*We are given a sorted array, value V, and a number K. The value represents the number that may appear in the array, but it’s not mandatory. We are expected to find a set of size K, that contains the elements from the array, that are the closest to the value .*

The solution uses the famous **binary search** algorithm. Firstly we find the value V itself, or the closest to V, in the array. The latter, we obtain just as a result of a regular binary search, that returns the position of the element if it exists, or the position where it would appear. Let’s call this position P. We know that the element at position P, will be included in the result set. Now we need to consider the elements on the left and the right hand side of P. As the array is sorted, the closest element to the one on the position P, will lay on the position P-1, or P+1. We choose the one that is closer, and iteratively process till we fill the set to the expected size. An example code:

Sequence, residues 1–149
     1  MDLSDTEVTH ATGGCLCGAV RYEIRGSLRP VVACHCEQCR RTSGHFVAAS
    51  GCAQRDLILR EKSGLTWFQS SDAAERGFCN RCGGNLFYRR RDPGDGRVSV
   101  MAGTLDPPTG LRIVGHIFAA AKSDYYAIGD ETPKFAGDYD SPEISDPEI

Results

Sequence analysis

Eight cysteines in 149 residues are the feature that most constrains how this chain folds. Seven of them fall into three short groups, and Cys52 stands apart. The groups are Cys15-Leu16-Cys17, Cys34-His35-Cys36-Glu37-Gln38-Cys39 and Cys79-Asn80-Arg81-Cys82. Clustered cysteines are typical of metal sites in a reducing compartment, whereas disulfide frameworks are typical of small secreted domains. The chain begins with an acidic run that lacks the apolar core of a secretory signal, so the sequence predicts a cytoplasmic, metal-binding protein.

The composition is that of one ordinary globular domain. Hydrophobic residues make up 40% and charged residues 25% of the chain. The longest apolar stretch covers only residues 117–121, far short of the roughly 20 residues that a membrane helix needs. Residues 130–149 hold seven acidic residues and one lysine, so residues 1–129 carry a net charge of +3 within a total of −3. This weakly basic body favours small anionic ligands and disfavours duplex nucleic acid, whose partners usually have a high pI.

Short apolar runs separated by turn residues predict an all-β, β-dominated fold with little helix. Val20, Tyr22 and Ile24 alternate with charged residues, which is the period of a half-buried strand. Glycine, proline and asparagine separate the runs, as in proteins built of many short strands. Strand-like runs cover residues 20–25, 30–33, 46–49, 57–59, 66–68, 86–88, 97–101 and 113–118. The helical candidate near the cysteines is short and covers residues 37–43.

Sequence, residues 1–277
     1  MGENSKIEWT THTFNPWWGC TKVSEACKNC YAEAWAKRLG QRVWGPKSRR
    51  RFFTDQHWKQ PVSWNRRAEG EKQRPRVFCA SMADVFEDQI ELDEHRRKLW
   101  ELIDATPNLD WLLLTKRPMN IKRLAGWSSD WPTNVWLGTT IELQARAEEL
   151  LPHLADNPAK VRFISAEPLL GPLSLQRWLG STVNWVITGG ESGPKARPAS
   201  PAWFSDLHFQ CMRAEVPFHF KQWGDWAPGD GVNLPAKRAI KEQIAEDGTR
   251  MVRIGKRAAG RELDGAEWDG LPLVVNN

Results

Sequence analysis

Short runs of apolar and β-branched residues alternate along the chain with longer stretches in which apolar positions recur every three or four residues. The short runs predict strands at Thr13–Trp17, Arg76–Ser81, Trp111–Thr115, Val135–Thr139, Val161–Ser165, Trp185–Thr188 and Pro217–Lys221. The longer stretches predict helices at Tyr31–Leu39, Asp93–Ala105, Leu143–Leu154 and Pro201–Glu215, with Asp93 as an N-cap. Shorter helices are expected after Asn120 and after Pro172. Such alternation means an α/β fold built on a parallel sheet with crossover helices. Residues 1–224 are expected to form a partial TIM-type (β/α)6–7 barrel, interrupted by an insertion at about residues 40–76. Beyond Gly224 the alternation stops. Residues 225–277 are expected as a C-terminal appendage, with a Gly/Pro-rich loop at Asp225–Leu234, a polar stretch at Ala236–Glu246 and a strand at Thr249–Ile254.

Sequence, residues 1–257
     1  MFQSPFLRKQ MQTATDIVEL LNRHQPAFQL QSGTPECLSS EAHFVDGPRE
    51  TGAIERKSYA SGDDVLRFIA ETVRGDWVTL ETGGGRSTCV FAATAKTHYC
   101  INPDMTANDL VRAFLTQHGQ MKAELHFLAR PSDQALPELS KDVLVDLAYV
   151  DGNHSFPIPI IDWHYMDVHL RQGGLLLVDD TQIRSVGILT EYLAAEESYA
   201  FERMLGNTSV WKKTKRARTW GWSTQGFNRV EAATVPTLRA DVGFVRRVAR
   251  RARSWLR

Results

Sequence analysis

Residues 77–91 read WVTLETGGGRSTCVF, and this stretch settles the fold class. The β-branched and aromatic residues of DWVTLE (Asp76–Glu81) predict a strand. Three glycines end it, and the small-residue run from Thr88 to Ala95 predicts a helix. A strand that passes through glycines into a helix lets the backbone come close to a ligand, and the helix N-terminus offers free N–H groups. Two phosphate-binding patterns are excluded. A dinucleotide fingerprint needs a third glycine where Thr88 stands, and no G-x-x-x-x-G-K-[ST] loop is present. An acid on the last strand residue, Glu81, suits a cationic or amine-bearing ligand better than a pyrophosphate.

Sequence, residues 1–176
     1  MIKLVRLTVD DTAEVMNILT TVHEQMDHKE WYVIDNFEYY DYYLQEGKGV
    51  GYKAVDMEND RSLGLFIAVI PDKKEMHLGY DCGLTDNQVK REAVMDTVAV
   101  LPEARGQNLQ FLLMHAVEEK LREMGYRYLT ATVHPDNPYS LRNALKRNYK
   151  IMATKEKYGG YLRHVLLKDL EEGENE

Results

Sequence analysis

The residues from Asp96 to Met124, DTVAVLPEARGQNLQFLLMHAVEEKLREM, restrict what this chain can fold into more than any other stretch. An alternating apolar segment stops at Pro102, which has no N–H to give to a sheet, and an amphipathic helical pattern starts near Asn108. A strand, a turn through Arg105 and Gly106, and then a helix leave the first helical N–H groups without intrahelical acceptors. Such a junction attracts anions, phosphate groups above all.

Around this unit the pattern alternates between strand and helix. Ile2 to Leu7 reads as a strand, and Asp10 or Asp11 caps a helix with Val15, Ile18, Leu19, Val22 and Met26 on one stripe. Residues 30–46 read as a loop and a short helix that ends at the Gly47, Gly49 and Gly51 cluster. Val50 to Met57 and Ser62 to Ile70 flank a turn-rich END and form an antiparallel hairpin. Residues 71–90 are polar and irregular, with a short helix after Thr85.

unsigned int binary_search(vector<int> array, int el){
unsigned int begin = 0;
unsigned int end = array.size() - 1;
unsigned int medium;
while(begin < end){
medium = begin + (end - begin)/2;
if(array < el)begin = medium + 1;
else end = medium;
}
return medium;
}
vector<int> get_k_closest(vector<int> array, int el, unsigned int k){
unsigned int split = binary_search(array, el);
int l = split, r = split + 1;
unsigned int counter = k;
vector<int> result;
while(counter){
if(l >= 0 && r < array.size()){
// choose the element that is closer
if(abs(array[l] - el) < abs(array[r] - el))
result.push_back(array[l--]);
else result.push_back(array[r++]);
} else {
if(l >= 0)
result.push_back(array[l--]);
else if(r < array.size())
result.push_back(array[r++]);
}
counter--;
}
return result;
}

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